As Markus Graf, VP of Global Talent at Novartis put it: “Organizing all Novartis work around a ‘job’ and having everyone in a job architecture was the primary means of how we organized ourselves,” he said. “Moving forward, it’s now much more about outcomes and what impact is actually created and ultimately what contributes towards delivery against the business strategy.”
Wellbeing Considerations in Hybrid and Flexible Working
It is crucial to recognize that hybrid and flex work have differing implications they have on employee wellbeing. Understanding the impact of these models on well-being is essential for organizations and individuals striving to create a harmonious work environment.
Hybrid work can present challenges to employee well-being. The blurring of boundaries between work and personal life, as individuals navigate between different physical settings, can lead to an “always on” culture. Employees may find it difficult to switch off from work, leading to burnout and increased stress levels. Additionally, maintaining effective communication and collaboration among hybrid teams requires conscious effort and clear guidelines, ensuring that individuals feel equally included and supported, regardless of their work location.
Flexible work offers a more comprehensive approach to employee well-being. The ability to set personalized schedules and prioritize tasks can enhance work-life integration and reduce stress. Employees have the freedom to attend to personal commitments, such as family responsibilities or self-care, without compromising their work responsibilities. This flexibility allows individuals to optimize their productivity and well-being by working during their most focused and energized periods.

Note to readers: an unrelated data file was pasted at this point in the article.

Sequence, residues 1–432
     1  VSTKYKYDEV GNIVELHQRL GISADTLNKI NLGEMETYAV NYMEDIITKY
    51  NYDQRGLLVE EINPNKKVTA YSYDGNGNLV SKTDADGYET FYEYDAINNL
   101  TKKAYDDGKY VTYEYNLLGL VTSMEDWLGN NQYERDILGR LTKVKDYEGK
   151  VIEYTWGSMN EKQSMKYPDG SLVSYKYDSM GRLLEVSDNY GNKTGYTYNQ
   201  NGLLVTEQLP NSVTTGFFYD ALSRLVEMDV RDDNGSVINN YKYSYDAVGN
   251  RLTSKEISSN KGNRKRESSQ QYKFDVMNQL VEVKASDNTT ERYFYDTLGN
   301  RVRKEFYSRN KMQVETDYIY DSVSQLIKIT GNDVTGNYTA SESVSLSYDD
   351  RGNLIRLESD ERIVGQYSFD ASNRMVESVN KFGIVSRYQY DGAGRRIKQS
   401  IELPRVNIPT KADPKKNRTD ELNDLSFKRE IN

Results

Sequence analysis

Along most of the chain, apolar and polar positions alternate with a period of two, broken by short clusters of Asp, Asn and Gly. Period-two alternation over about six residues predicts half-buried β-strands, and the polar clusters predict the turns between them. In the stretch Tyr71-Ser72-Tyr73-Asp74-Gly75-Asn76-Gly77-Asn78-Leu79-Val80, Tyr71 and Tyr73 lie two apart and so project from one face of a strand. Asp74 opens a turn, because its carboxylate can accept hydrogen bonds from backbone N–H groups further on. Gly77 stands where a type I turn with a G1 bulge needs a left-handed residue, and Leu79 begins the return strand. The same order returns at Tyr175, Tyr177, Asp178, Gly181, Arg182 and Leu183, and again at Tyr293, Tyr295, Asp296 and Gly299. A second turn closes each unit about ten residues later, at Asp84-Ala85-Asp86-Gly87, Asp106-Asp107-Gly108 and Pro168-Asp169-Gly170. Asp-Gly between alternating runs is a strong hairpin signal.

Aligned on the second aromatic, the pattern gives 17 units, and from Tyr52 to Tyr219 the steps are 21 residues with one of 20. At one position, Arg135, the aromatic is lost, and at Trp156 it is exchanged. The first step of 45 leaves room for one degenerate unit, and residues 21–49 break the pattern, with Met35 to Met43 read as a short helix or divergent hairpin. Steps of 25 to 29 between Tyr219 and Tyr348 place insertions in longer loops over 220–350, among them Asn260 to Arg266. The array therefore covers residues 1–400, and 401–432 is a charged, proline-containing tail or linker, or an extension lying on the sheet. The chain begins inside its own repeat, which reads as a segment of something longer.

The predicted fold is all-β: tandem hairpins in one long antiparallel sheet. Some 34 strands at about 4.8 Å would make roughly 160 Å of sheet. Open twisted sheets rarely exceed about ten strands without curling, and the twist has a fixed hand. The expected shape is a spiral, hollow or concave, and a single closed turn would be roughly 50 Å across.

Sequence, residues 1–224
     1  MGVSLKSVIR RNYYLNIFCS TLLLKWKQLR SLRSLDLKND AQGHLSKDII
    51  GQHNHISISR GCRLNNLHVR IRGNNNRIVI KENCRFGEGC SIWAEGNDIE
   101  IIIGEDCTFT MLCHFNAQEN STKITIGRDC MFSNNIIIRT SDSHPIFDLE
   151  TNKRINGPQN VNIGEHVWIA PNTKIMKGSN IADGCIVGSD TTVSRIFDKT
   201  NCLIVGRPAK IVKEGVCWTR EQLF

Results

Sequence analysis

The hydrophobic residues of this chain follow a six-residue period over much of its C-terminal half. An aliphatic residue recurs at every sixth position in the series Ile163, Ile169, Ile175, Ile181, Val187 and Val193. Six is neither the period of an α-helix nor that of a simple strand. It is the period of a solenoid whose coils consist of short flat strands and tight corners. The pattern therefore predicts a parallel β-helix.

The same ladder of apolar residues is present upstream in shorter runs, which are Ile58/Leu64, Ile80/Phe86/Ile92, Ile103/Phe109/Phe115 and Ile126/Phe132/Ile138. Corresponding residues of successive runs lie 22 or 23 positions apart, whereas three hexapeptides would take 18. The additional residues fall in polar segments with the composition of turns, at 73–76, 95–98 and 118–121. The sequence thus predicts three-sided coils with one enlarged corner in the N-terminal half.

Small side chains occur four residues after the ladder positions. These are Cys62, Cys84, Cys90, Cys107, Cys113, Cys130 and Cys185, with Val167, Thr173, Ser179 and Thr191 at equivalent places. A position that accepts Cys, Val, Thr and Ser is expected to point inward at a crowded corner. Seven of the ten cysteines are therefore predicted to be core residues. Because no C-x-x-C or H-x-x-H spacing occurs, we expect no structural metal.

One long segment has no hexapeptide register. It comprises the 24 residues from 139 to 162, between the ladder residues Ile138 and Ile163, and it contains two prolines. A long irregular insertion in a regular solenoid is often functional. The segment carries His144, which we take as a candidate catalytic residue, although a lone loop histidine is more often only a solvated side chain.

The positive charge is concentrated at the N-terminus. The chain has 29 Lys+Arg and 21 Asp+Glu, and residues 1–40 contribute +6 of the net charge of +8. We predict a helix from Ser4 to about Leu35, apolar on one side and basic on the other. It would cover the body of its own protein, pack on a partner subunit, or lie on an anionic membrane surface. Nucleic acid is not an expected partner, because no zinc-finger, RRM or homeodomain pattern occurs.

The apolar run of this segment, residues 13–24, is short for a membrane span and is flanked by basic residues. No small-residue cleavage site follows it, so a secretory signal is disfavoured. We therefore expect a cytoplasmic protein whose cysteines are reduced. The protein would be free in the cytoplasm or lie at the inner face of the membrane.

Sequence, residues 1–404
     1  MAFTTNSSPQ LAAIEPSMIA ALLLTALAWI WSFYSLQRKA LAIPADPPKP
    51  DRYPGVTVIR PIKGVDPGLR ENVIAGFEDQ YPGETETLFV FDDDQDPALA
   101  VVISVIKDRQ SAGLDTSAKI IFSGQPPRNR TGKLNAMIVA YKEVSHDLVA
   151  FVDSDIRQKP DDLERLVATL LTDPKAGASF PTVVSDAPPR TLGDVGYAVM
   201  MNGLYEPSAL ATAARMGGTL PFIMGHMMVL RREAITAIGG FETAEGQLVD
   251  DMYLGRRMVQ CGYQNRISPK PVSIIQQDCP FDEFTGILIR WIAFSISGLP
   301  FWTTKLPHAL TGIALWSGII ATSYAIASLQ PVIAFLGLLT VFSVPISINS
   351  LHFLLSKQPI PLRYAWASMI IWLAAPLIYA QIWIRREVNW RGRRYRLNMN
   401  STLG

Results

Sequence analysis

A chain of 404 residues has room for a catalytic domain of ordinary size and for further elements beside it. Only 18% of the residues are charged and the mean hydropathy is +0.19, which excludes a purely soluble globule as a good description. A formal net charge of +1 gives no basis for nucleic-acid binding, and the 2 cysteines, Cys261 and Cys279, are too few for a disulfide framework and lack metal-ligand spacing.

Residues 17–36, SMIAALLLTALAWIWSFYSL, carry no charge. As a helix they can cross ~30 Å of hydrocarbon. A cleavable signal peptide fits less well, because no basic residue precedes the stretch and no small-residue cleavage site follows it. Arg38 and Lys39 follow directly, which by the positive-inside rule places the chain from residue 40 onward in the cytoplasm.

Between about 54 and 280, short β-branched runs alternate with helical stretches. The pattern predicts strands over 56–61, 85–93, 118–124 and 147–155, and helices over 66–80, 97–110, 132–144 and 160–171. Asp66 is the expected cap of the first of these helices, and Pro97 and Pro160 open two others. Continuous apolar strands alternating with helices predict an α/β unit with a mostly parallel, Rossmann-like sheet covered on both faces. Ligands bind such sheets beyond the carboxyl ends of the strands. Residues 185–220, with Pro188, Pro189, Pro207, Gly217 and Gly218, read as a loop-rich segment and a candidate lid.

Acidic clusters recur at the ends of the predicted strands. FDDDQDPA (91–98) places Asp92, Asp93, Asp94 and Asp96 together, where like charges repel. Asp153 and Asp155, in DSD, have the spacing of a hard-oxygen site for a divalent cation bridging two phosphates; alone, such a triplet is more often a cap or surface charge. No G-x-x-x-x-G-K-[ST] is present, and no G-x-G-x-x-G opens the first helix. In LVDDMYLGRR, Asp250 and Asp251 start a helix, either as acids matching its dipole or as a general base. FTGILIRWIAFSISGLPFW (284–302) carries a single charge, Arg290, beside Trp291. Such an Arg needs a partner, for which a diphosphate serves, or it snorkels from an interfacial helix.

However, flexible work also demands discipline and self-management skills. Without clear boundaries and structure, individuals may struggle to maintain a work-life balance, resulting in potential challenges in managing their time effectively. Organizations must provide support, resources, and training to help employees navigate the flexible work environment successfully.
Either you offer fully flex or hybrid opportunities to your people – as organizations and individuals embrace the transformative potential of these models, a comprehensive approach that combines the benefits of hybrid work with the flexibility of when and how work is done can lead to a harmonious and high-performing work environment.
By prioritizing outcomes, fostering trust, promoting collaboration, and considering individual well-being, organizations can create a dynamic and inclusive workplace that maximizes productivity and employee engagement.
The future of work lies in recognizing that flexible working goes beyond physical location. It encompasses a holistic approach that considers the when, where, and how of work. By leveraging the advantages of hybrid work and embracing the principles of flexible work, organizations can create an environment that empowers individuals, drives innovation, and fosters healthy work-life integration, ultimately leading to success in the modern work landscape.
Written by: Mihaly Nagy